2. Thanks for the feedback, Marty. The story of Charity Ann and Isaiah is a good one so I’ll put that on the front burner to write soon. As for the Black Irish, I don’t know much about them although I know the term is supposed to describe Americans with Irish and Native American or African American heritage.

    Karen

  3. melvinjcollier says:

    Great post! “Mulatto” can indeed be misleading. I’ve encountered numerous family members who were reported as “mulatto,” when they were likely of light complexion. In 1880, my great-grandmother was reported as “Mu”, as well as her infant, first-born child, while her husband, my great-grandfather, was reported as Black. In this instance, this reporting was true because of my grandmother’s stories, who would often spoke about how her mother (who was actually a “quadroon”) could easily pass. However, the census-taker also listed the child as Mu. Whenever I give genealogy presentations, I always tell folk if they encounter “Mu” in the census, don’t automatically assume that the person had one Black parent and one White parent. Many times, this designation was based on appearances. A person could have had two “true Mulatto” parents and can appear to be “Mu” him/herself.

    • @melvinjcollier Melvin – sounds like we’ve had similar experiences in getting an accurate picture of whether an ancestor is mulatto or not. Thanks for the feedback and some good discussion:-)

      Karen

  4. LisaDCooper says:

    In my family, the same discussion of Mu occurs with regard to supposed mixed Black or white and Native or Indian heritage. Your story and the subsequent discussions are sparking ideas for learning at our next family reunion. Thanks!

  5. slueth4truth says:

    I’ve run into this multiple times on my maternal side. Example: my gg-uncle (Inus)’s children were listed as “Mulatto,” as well as he and his wife. I just surmised that the whole family was of lighter complexion, which prompted the census taker to record “Mu.” However, Inus’s mother was listed “Black” and “Mu” alternatively and his paternal heritage is unknown. It’s possible he could have been mulatto. His wife’s father was listed as “Mu,” but I don’t know her mother’s heritage. For her, I believe she was likely just light-skinned and her father may have been truly “Mu.”

  6. StephanieACurry says:

    I have slao noticed this same notation on records of my family. There is one gg-aunt and grandmother on my maternal side where she and all of her children are listed as “MU”. At my g-grandfathers’ funeral my mother told me of the cousins who attended from Mo. who looked white. They are descendants from that line. My aunt was the “Mu” but her mother was not. My grandfather gave us this information.

  7. msualumni says:

    Hi Karen–enjoyed your post. You are fortunate to be able to have the names of the white man who fathered the children with Charity. So many branches just “fall off” for the vast majority of African-Americans who don’t know the name of the white fathers. Especially those formerly enslaved woman who show up on the 1870 census with lots of “mulatto” children, as if they fell out of the sky;)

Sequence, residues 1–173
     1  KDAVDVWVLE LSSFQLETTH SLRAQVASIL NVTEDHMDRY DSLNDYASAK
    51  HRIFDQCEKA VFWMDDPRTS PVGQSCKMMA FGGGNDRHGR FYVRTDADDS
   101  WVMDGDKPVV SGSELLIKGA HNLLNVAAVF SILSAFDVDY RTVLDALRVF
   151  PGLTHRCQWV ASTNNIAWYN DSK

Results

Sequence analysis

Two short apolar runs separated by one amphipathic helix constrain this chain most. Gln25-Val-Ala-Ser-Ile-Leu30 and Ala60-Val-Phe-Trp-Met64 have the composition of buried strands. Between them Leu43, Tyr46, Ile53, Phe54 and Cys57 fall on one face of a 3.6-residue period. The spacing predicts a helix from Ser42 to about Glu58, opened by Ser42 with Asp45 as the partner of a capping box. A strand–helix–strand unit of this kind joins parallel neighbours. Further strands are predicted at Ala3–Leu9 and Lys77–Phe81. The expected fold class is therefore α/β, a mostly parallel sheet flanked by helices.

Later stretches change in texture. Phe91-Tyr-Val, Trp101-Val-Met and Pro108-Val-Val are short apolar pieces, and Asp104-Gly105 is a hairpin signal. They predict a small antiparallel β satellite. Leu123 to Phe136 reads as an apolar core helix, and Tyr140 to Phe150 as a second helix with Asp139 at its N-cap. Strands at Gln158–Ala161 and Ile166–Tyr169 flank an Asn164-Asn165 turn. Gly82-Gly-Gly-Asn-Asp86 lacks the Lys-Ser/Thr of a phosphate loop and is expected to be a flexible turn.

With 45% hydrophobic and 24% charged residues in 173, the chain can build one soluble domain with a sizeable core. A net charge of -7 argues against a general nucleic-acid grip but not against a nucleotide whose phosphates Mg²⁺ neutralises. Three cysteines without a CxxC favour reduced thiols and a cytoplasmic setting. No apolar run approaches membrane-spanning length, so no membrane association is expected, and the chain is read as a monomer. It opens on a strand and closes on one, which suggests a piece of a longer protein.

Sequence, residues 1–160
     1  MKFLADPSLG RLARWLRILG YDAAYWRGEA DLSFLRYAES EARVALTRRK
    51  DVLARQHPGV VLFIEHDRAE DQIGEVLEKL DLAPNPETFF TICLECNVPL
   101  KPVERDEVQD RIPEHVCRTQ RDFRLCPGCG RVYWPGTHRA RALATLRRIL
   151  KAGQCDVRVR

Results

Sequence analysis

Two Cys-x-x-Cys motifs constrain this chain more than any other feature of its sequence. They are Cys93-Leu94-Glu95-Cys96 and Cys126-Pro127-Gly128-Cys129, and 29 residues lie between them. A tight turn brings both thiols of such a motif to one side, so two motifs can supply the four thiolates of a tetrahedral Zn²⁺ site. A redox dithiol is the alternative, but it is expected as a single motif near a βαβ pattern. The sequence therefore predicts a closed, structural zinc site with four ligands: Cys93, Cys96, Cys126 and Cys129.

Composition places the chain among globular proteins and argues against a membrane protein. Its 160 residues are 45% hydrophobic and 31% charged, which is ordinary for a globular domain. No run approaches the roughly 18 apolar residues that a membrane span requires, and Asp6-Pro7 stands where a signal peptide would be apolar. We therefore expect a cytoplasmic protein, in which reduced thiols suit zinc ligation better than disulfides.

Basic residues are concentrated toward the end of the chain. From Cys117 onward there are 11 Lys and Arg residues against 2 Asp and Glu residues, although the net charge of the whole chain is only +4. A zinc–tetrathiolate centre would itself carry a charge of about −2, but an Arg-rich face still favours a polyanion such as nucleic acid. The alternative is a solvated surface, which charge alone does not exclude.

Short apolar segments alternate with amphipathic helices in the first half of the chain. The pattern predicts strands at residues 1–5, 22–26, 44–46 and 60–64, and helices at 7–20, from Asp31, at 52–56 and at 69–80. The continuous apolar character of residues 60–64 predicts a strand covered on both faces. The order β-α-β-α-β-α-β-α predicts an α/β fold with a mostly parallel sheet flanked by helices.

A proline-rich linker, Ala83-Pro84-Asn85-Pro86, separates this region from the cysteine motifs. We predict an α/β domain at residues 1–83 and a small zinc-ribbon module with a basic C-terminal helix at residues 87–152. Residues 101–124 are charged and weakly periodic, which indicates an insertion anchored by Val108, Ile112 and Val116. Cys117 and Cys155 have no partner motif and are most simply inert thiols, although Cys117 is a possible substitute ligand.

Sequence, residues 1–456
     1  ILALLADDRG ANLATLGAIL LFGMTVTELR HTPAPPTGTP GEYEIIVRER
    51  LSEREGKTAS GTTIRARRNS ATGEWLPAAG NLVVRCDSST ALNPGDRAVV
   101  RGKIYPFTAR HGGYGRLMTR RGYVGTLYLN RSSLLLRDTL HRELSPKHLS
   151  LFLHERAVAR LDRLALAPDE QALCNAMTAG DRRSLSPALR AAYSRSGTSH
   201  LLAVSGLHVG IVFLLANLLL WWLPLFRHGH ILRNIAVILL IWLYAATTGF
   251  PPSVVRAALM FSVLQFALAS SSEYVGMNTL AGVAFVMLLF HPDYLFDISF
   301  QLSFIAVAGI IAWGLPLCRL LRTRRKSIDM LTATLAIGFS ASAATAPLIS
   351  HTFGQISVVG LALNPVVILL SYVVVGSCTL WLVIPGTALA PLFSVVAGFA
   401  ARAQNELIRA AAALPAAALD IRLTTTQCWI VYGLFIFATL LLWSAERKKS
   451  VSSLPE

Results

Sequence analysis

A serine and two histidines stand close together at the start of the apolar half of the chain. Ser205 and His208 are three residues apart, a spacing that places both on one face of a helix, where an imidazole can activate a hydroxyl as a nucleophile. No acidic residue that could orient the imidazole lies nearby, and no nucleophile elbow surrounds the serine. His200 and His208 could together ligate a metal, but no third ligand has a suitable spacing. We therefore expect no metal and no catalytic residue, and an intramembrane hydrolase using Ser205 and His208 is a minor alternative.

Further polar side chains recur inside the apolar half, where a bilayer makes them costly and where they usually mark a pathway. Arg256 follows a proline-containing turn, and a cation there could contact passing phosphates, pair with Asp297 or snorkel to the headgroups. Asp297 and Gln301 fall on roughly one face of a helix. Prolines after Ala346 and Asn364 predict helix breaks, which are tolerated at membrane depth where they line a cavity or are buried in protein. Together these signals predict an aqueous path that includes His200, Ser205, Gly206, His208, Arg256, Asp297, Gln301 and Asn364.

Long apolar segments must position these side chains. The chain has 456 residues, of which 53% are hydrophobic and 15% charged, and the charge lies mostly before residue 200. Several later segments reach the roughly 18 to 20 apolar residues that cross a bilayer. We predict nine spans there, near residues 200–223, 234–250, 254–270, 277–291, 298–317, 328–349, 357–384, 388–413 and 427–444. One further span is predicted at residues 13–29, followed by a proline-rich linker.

• Karen says:

      I also have copies of the papers documenting when Isaiah bought Charity Ann from his father’s estate. Amazing that so much information survived those dark days of slavery.

  8. syjames2 says:

    Well, Karen.  We are cousins.  Isaiah and Charity Parker are my great great grandparents (grandparents of Wilie Parker, brother to Louisana Parker Upshaw and Henry Parker).
     
    I would be greatly interested to hear Isaiah and Charity Ann’s story.  Thanks for creating this blog.
     
    Sharon

    • Karen says:

      Wow Sharon!! How great to meet a Parker cousin! I’ll be writing about Charity Ann and Isaiah in a blog challenge I’m doing in 2014 called “52 Ancestors 52 Weeks”. It’s a chance for me to do a deep-dive into some of the family stories that haven’t yet been written down. Maybe you and I can compare notes – I’d love to hear about my Great Great Uncle Willie Parker.

      If you subscribe to new posts here, you’ll get the one on our ancestors in your inbox. You have to stop by again and visit me here on Extreme Ancestry. After all – we’re family:)

  9. Kristen says:

    Hi,
    I think I have a similar issue but not quite. I’m a white woman with all white ancestors except 3 paternal grandmother’s. I found the first mention on a census record for my great grandmother and then found her mother and grandmother to also be identified as mulatto. I can’t find anything to support or deny the census takers identification. I also cant find any marriage or divorce records. They were, however, in white households and identified as servants or housekeeper. My great grandmother died in her twenties and all oral history is gone. My grandfather ran away from his dad and step-Mother’s home when he was young. There are indicators that indeed he was not welcome due to having African blood. Do you have any research ideas for me? Have you ever seem this before? We are looking into DNA testing.

  10. Mollie Crane says:

    I’m wondering also…

  11. Julie says:

    The Mulatto factor as you call it is not as one is supposed to think-one parent with all white ancestry, and the other with all African ancestry–it is or I should say, was-noted in census, just like it was in walking everyday life; an “eyeball test”.

    Think of it this way, if no one knew Barack Obama had a “white” mother, people would just say, hmmm, medium brown man-so he must be what we call since the ’60′s “black”-or more appropriately African American. (Although in his case, he really is the offspring of a real life African, who was *not* American-which is a growing group in America these days.